ing earth 1s the gigantic dynamo which
excites the electric currents and makes
them manifest.—San Francisco Ex-
A Corpse Turned Black.
ALLENTOWN, Pa., June 6.—An elec-
tric storm is said to have so affected
the fluids in the body of Mrs. William
J. Gilbert who died this week at Co-
play, Lehigh county, that the corpse
turned black, and was buried at
midnight during a heavy thunder-
storm by the light of a torch and
burning tagots.
Novelties in furniture and wall
paper are the order of the day at E.
Brown, Jr's on Bishop street.
——The Logan Steam Fire Engine
Company, will hold a festival in the
Court Hoase yard on the Fourth of
Dr. Atherton, of the Pennsylvan-
ia State College, deiivered the oration to
the graduating class of the Annopolis
Naval school last week. :
——The Methodists of Fillmore will
give a festival to-morrow (Saturday)
evening, for the benefit of their church.
All the delicacies will be served.
Last Monday our distinguished
townsinan, James Milliken, started on
his annual trip to South Dakota, where
he has extensive mining interests.
Miss Bella M. Brisbin, sister of
post master Brisbin, Centre Hall, was
married at Winnebago, "Illinois, last
week to Mr. I. S. Lindley,of that place.
-— George Downing, intending to
move to Altoona, where his daughter,
Mis. Hoover, resides, has sold his house
on Bishop street to John XKeichline,
Mr. C. W. Smith, of Howard,
was doing business in town on Thurs-
day. Heis a very pleasant gentleman
and has just returned from a trip to
Tioga county.
Miss Annie McCaffery will open
a summer school in the stone building
onthe 17th inst. Parents who know
what is best for their children will be
sure to patronize her.
The commander of Gregg Post,
No. 95, requests the attendance of every
member at the Post room on Monday
evening, June 15, to attend to special
and important business,
——The members of the M. E.
church of Rock Forge, Pa., will hold
au ice cream festival on Saturday even-
ing, June 20. lce cream, cake and all
the delicacies of the season will be
——-The St. John’s Catholic school is
rehearsing and practicing daily for the
entertainment it wilt give in Garman’s
Opera House on the 24th of this month.
It will be an enteresting and entertain -
ing affair.
The reception given by the Bellefonte
Club at their rooms in the Bush Arcade,
last evening, was a brilliant affair, invi-
tations having been extended to about
400 guests. The music was furnished
by Stopper & Ficsk’s orchestra, of Wil-
' liamsport.
——Attorney Clough and contractor
E. T. Gallagher of Lock Haven
attended to business matters in Belle-
fonte on Wednesday.
A great job of fencing has been
completed by Messrs. H. L. & R. S.
Houser, who have enclosed with wire
both sides of the Snow Shoe railroad
from Snow Shoe to Bald Eagle, making
in ali a line of 40 wiles of wire fencing.
——The Bellefonte School Board has
awarded to Hillibish & Co., condition-
ally, the contract for putting in new
water closets in the stone school build-
ing, laying concrete pavement in the
cellar, and running a drain trom the
school house to the creek.
Mr. Fred Reynolds is making
his appearance on our streets with a
handsome team driven tandem. It
makes & stylish looking team, but
when driven that wav the fore horse al-
ways looks as if he was wanting to
know what he was there for.
——The friends of the M. E. church
at Filmore - intend holding a festival,
to-morrow,Saturday afternoon and even-
ing. The proceeds to be used for church
purposes. Everybody who wants to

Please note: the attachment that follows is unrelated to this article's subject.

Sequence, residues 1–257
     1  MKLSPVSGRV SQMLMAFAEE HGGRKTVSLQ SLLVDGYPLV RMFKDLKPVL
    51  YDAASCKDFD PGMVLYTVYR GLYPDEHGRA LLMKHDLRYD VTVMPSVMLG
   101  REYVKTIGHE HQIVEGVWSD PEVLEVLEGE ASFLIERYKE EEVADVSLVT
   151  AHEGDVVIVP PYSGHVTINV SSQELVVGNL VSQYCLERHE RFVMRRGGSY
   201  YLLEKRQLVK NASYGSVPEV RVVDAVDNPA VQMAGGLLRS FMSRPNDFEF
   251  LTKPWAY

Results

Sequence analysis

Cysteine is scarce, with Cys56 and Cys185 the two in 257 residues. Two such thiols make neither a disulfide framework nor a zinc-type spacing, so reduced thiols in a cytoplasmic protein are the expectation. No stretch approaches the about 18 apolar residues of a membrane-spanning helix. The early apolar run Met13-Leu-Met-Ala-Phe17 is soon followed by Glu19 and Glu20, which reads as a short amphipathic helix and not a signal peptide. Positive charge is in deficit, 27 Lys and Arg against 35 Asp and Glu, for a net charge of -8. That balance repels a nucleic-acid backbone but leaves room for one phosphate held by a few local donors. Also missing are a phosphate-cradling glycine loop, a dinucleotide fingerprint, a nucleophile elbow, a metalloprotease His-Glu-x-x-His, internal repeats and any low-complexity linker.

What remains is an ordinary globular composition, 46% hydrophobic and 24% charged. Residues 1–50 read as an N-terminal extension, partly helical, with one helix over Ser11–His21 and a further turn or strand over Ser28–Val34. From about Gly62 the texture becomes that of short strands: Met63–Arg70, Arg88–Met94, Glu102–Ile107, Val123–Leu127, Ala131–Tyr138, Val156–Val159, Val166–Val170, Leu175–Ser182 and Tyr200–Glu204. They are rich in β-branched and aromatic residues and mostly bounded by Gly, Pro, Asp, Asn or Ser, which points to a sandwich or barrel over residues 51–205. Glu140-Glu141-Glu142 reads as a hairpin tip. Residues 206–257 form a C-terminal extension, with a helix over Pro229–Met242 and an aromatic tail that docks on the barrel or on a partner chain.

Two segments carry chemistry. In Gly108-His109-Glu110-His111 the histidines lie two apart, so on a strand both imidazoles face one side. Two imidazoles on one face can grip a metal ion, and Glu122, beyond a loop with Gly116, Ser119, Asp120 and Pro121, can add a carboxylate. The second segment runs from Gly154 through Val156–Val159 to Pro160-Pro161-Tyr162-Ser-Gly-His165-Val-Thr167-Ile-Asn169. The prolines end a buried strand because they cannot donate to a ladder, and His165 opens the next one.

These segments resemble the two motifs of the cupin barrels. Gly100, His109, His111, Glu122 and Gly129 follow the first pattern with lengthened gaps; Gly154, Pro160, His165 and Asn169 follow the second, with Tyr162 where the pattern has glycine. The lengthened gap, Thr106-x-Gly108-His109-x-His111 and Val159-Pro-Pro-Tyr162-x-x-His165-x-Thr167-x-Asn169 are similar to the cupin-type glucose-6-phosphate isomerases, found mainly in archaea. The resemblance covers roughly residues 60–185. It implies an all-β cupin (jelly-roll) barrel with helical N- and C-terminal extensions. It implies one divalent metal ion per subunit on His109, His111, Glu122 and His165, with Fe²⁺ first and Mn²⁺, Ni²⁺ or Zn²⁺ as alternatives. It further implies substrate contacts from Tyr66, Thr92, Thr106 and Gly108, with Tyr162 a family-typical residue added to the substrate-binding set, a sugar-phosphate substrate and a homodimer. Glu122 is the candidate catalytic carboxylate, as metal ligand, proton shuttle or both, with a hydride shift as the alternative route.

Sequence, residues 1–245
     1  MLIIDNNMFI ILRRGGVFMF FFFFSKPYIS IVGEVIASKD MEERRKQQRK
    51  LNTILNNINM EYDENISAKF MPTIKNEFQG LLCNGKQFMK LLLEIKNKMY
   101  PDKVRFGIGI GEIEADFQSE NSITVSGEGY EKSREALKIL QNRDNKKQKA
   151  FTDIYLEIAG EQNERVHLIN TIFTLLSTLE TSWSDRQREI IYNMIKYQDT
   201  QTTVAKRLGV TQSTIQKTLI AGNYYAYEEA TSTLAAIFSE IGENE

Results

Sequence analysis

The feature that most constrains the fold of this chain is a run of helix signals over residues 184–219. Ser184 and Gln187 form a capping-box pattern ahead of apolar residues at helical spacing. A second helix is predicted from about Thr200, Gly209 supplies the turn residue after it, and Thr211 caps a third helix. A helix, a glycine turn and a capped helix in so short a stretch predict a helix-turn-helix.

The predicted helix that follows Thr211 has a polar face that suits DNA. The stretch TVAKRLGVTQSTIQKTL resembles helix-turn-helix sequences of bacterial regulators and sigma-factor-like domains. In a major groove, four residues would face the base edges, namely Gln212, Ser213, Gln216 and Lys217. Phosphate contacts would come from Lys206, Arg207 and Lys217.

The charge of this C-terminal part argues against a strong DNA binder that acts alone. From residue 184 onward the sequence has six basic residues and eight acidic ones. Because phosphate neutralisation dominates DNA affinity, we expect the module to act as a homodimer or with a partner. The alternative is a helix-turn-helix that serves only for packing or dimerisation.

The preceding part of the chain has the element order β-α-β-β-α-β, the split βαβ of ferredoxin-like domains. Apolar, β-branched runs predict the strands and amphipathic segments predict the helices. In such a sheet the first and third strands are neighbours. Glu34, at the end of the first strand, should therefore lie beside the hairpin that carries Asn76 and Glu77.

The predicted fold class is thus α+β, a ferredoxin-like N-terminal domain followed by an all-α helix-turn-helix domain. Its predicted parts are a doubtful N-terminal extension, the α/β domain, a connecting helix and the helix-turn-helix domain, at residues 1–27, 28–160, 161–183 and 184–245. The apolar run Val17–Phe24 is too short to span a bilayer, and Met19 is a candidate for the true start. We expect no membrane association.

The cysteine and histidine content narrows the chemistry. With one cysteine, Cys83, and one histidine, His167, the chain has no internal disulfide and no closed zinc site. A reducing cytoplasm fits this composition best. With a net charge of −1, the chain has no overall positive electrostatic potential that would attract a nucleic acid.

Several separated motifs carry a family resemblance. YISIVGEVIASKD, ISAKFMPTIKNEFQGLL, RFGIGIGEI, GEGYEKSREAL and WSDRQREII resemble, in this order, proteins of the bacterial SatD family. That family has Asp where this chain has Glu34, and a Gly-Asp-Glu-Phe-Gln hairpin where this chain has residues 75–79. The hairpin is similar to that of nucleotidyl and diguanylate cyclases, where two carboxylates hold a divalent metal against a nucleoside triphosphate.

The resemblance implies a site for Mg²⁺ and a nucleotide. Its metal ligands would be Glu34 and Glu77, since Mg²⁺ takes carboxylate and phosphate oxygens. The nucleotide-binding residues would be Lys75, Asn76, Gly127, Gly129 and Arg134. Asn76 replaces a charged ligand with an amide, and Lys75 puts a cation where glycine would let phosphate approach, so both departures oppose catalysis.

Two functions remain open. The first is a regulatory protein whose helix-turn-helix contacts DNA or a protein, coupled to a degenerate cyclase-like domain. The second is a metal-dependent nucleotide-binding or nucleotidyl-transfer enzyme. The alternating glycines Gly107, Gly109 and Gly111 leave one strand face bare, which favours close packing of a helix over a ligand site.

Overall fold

enjoy a good time, or partake of the
good things that will be furnished in
abundance, is cordially invited to at-
TempErRANCE UnioN. — Thursday
evening of last week the Bellefonte Tem-
perance Union elected the following
officers for the insuning term: President,
J. Linn Harris ; Vice President, An-
drew Loneberger ; Secretary, Newton
Gibson ; Treasurer, Elmer Straub ; As-
sistant Secretary, John Morgan ; Execu-
tive Committee, H. C. Valentine, lsaac
Underwood, Chas F. Cook.
——On Saturday afternoon last,
amateur base ball club, of State Col-
lege, defeated the “Milesburg team by
the score of 14 to 2. The game was
very one sided and uninteresting and
the College boys complained of bad
treatment at the hands of the Milec--
burgers. Discourtesy of this kind
shows want of good sense and is de-
——A pleasant sicht meets theeye of
the pedestrian on the railroad near the
nail works. Itis the truck gardens of
Mr. Jno.; Whiteman, which liealong the
north side of the track. They are filled
with early vegetable of all kinds and
present an unusually well kept appear-
ance. Hverthing about the patch is in
apple pie order and the numerous varie-
ties of the different garden vegetables
are really all represented.
——Dr. H. B. Van Valzah, formerly
of Spring Mills, this county, died at his
home in Clearfield, of consumption, on
the Sth inst. The Clearfield Republican
in noting his demise says, “He was a
good citizen and a physician who had
few equals, if any, in this section, and
of late years his services were sought
after by persons from a distance, but his
failing health prevented him from fol-
lowing his profession.
County Treasurer J. J. Gramley
is chairman of the committee on deco-
rations for the 4th of July, with the fol-
lowing assistant committeemen : R. F.
Hunter, E. F. Garman, W. X. Ludwig,
B. C. Achenbach, A. C. Mingle, W. S.
Zeller, C. F. Montgomery, C. M. Par-
rish, C. L. Gates, Frank Naginey, L. A,
Schaeffer, J. B. Strohm, G. B. Brandon,
Frank Williams, A. S. Garman, John
Kline and Jackson Showers.
Michael Funk, an old resident of
Warriorsmark Valley, died at his home
near the village of that name Tuesday
afternoon at the age of 91 years and up-
wards. He is survived by two sons and
three daughters— Martin L. at home
and John W. Funk, of Redhand, Cal.;
Mrs. H. F. Copelin, and Mrs. W. H.